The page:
The review of the actions of the Parole Board, conducted by Chief District Court Judge RJ Johnson and Professor JRP Ogloff, is a thinly veiled white-wash. But if readers ignore the shameful attempt to minimise the incompetent and outrageous actions of the Board, the facts exposed in the report are truly chilling. They expose a culture of almost wilful disregard for the Board’s statutory duty to protect public safety. And they make it clear that it is only a matter of time before the same Board, operating with the same contempt for public safety, causes the needless death of more New Zealanders.
The Parole Board
The Parole Board is in fact three panels of board members (breaking the country into three geographic entities), constituted in various configurations for the purpose of hearing parole applications from the nation’s prisoners. Invariably the chair is a serving District Court Judge. Other panel members are political appointees – under the current Government there is a distinct leaning towards left-wing social liberals.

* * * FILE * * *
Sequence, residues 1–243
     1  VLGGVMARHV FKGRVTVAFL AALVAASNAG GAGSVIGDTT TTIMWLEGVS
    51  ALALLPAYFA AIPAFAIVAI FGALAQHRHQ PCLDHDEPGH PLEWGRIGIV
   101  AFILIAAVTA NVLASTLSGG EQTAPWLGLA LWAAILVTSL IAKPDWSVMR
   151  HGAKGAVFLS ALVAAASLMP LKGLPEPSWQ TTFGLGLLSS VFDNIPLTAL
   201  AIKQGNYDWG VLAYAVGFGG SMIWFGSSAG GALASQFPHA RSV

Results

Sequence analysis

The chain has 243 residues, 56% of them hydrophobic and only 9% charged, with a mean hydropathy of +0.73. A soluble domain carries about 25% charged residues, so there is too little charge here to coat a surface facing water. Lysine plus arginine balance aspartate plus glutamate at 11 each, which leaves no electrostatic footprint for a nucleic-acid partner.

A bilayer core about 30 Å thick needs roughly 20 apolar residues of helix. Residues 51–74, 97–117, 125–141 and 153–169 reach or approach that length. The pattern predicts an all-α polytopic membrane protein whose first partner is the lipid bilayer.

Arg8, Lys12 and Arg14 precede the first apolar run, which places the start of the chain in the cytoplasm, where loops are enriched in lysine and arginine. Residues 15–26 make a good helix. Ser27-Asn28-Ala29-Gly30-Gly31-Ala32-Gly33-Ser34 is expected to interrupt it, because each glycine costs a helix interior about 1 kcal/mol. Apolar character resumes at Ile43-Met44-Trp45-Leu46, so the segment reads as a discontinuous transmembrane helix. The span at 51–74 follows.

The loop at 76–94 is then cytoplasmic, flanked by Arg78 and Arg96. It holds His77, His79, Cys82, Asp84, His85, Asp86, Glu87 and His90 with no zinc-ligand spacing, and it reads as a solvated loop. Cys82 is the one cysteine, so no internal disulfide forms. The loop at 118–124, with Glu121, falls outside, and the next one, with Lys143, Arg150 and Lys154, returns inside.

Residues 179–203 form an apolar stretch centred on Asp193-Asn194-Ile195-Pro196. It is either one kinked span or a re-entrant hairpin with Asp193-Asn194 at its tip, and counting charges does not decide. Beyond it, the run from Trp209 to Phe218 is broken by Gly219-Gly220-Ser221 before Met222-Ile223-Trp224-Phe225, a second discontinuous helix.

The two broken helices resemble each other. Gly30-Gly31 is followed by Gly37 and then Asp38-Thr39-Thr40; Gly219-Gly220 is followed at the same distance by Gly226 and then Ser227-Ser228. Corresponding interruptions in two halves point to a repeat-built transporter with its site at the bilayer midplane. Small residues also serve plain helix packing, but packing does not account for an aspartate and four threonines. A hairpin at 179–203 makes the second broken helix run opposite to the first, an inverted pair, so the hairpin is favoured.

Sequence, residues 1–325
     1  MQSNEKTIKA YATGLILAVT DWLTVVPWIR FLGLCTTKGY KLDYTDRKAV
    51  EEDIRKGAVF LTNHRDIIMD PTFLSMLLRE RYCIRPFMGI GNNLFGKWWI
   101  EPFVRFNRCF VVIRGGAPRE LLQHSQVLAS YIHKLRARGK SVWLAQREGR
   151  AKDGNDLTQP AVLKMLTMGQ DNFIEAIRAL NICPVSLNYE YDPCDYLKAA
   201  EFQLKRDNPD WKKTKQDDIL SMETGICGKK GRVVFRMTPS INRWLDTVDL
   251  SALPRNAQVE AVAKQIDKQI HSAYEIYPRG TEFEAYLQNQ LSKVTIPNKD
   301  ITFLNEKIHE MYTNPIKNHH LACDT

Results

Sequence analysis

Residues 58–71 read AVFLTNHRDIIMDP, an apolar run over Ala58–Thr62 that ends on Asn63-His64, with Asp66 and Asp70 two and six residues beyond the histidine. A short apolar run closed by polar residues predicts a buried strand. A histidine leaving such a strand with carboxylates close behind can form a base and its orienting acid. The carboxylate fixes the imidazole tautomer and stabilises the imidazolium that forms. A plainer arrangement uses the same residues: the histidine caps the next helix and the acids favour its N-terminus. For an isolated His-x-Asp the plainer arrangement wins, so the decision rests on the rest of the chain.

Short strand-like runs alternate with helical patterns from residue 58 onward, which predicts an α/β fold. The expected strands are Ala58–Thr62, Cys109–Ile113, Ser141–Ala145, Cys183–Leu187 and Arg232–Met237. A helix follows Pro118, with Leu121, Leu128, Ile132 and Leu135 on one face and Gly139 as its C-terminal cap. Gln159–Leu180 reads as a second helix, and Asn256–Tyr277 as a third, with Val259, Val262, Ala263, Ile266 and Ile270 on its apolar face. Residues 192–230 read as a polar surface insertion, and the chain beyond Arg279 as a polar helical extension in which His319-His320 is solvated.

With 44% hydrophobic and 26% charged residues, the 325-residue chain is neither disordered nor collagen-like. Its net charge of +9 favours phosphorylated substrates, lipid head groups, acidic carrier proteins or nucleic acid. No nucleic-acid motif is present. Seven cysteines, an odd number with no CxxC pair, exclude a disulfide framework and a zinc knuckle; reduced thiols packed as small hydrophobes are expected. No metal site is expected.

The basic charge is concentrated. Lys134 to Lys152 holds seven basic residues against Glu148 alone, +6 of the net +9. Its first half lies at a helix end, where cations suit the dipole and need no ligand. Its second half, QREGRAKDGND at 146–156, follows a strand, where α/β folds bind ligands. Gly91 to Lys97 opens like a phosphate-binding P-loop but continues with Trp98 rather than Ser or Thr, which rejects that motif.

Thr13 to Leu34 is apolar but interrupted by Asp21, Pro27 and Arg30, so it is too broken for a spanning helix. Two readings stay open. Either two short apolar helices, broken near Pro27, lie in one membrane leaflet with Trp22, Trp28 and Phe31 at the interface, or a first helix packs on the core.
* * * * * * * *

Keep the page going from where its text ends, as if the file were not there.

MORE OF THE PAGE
The role of the Parole Board in the Burton affair deserves special scrutiny. They and they alone were responsible for the decision to release Burton. They made their decision in the face of clear evidence that Burton would re-offend. Their actions unquestionably resulted in the death of Karl Kuchenbecker, and could well have led to the deaths of others. Their actions will unquestionably lead to the deaths of others unless changes are made.